Devilish thriller to excite you
Talking Location with author Simon Edge – La Gomera
12th July 2018
#TalkingLocationWith… author Simon Edge, who has set his novel, The Hurtle of Hell, in the Canary Islands, and how La Gomera inspired the setting.
It was 2001, and my then-partner and I had developed a taste for exploring off-the-beaten track parts of the Canary Islands. We had wandered around the interior of Gran Canaria, spent three villa holidays in the volcanic moonscape of Lanzarote, and had even – for special Canary nerd points – spent a night on La Graciosa, the tiny, low-lying island off the northern tip of Lanzarote.
Now we had come to La Gomera, a circular rock on the western side of the archipelago, which has an airport allowing short-hop flights from Tenerife, but is generally accessed by ferry, and is therefore untouched by the kind of mass tourism that characterises the larger Canaries.
The tiny port-capital of San Sebastian is on the northern, barren side of the island, but the Valle Gran Rey, on the opposite coast, is a lush ravine, with luxuriant terraces full of banana trees and bougainvillea, stepping down the impossibly steep hillsides to the ocean below. It looks like paradise as you prepare to plunge into it and, if you prefer peace and quiet to the blasting nightclub music on the larger islands, it really is.
Unfortunately, the dynamic of our group was wrong. We had a friend with us, with whom we had previously holidayed in a foursome, but his partner stayed at home this time and we discovered that three was a tricky number.
Furthermore, our villa was on a winding, single-track road, with absolutely nothing between it and a dizzying drop. The passing places had all been turned into parking bays as the village developed faster than the infrastructure, and the locals had little patience for tourists nervous about reversing over the side of the ravine. As the sole driver (and sole drinker) I did not cope well with having our lives in my hands every time we went out.
Just as memorable as the terrifying roads were the 10-foot breakers on the beach at Playa del Inglés (a misleading name, since we were the only Brits there). Since the island is volcanic, the sand was black, but whenever a big wave broke, the entire beach would disappear under a layer of frothing white water, making the mainly nude swimmers and sunbathers look like they were romping in the snow.
Those waves were thrilling. As they towered over you, the only thing to do was dive into the belly of them and come through the other side. They were not always a laughing matter, though: there was no lifeguard, and we noticed arms in slings on the beach.
That beautiful, dramatic, deceptively dangerous beach proved to be the perfect place to set the opening scene of my new novel The Hurtle of Hell, in which my character Stefano nearly drowns in a swimming accident. As he hovers between life and death, he has a near-death experience, in which he looks down on his own body and then travels up a shining white tunnel amid feelings of euphoria.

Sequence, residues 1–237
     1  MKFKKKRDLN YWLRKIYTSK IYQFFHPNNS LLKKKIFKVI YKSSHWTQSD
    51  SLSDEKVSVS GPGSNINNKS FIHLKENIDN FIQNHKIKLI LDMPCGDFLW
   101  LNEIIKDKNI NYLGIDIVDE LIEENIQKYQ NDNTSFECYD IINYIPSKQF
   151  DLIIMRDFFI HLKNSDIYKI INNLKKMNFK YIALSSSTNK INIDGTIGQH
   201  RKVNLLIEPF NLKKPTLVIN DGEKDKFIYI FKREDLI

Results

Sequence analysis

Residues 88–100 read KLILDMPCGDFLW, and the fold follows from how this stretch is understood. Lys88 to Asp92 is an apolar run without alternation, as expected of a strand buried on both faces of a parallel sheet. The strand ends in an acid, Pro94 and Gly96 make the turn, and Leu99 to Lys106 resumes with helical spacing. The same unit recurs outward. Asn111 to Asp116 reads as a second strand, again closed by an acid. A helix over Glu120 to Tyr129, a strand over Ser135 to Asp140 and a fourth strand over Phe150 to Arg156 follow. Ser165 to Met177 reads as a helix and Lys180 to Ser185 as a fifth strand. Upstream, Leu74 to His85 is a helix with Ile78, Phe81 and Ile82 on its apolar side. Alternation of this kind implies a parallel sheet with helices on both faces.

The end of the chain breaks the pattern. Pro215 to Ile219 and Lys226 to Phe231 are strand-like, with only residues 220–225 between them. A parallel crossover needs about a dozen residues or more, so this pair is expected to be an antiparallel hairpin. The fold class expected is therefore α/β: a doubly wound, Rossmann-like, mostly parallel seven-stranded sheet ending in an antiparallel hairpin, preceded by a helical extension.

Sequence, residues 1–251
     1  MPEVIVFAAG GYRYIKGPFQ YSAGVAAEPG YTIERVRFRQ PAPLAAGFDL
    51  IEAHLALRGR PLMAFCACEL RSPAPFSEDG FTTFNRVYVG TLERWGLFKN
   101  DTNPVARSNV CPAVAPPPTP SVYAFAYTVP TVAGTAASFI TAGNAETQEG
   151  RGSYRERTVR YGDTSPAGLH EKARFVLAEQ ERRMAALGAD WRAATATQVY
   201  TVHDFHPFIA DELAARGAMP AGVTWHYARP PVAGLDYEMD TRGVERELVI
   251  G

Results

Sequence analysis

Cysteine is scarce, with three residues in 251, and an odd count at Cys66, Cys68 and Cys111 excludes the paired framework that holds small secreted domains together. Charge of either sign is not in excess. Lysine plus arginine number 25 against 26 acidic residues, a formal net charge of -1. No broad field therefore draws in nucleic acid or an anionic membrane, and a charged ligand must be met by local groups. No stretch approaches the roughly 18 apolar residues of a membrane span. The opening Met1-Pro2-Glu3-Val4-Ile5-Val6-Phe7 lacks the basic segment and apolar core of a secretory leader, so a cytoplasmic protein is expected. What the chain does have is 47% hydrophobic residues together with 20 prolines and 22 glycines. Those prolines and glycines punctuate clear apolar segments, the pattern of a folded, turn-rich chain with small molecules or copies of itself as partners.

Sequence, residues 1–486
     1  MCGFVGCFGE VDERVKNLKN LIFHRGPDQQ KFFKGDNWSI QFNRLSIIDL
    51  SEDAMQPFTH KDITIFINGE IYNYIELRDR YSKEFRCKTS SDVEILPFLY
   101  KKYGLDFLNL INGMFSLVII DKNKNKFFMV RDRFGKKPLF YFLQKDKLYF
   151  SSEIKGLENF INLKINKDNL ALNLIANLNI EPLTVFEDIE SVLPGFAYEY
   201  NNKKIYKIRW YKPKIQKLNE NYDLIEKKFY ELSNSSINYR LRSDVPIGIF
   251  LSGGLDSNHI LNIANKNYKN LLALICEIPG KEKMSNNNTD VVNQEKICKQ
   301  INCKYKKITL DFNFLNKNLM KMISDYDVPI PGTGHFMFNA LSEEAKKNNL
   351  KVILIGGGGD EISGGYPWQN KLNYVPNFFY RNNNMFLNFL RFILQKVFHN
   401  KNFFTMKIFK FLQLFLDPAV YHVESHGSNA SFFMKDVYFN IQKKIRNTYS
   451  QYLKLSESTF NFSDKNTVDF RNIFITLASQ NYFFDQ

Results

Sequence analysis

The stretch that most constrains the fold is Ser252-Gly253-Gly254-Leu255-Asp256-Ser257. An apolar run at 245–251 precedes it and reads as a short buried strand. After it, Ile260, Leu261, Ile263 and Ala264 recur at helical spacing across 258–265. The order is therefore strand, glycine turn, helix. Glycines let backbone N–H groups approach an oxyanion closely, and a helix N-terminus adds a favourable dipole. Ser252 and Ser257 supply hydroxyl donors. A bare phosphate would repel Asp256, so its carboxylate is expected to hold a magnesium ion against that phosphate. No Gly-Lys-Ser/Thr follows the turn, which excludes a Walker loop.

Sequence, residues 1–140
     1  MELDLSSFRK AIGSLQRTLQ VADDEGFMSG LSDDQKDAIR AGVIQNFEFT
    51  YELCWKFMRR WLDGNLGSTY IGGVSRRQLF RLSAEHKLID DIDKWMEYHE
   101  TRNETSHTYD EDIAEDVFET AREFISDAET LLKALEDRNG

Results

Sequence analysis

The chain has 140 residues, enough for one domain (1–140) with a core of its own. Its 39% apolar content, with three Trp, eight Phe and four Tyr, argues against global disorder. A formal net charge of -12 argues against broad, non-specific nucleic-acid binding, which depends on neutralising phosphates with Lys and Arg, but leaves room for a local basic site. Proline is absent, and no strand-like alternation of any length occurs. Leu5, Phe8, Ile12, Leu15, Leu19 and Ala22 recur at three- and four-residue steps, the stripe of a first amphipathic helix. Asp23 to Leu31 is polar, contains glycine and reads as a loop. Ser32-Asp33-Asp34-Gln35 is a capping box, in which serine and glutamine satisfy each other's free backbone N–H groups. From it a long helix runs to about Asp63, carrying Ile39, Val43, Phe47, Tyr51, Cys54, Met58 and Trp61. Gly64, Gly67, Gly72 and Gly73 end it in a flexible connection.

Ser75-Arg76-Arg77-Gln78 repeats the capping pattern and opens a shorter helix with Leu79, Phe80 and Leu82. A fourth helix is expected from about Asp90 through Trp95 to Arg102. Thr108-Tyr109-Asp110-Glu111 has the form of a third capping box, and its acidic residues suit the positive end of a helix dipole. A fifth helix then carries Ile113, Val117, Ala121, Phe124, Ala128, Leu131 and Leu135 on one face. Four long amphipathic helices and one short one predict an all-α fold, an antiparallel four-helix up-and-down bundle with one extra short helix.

He has been an atheist up to this point, and lives a contented life with his partner Adam. But he is also impressionable. Persuaded by the vividness of his near-death experience that God may exist after all, he remembers all the hell-fire preachers he has heard denouncing homosexuality, and decides he needs to change his ways in order to save his immortal soul.
The twist of my atheist comedy (as it’s subtitled) is that God himself gets involved, although I should stress that he is not a creator that any of the established religions would recognise. My aim was to make God consistent with what we now know about the vastness of the universe, with 100 billion solar systems in our own galaxy, and at least 100 billion galaxies in total.
This means that astronomy and the ever-expanding possibilities for exploration are a theme of the novel – and the Canaries proved a good setting for that too. For the Greeks and Romans, this archipelago off the northwest coast of Africa was the outer limit of the known world and, for centuries afterwards, the westernmost island El Hierro was the location of the zero meridian.
As my characters go searching for it, the unnamed island in my novel effectively becomes a mash-up of La Gomera and El Hierro – which is, after all, the beauty of fiction. And, in what I hope is a neat symmetry, a crucial scene at the halfway point of the novel takes place in Greenwich, London, astride what is now the globally recognised zero meridian.
Since my novel is set in 1999, I didn’t need to go back to La Gomera to write it. I hope the island is still unspoilt. Even though I didn’t have a great time there, I remember it as a wonderful place, and the difficulties we had were very minor in the general scheme of things.
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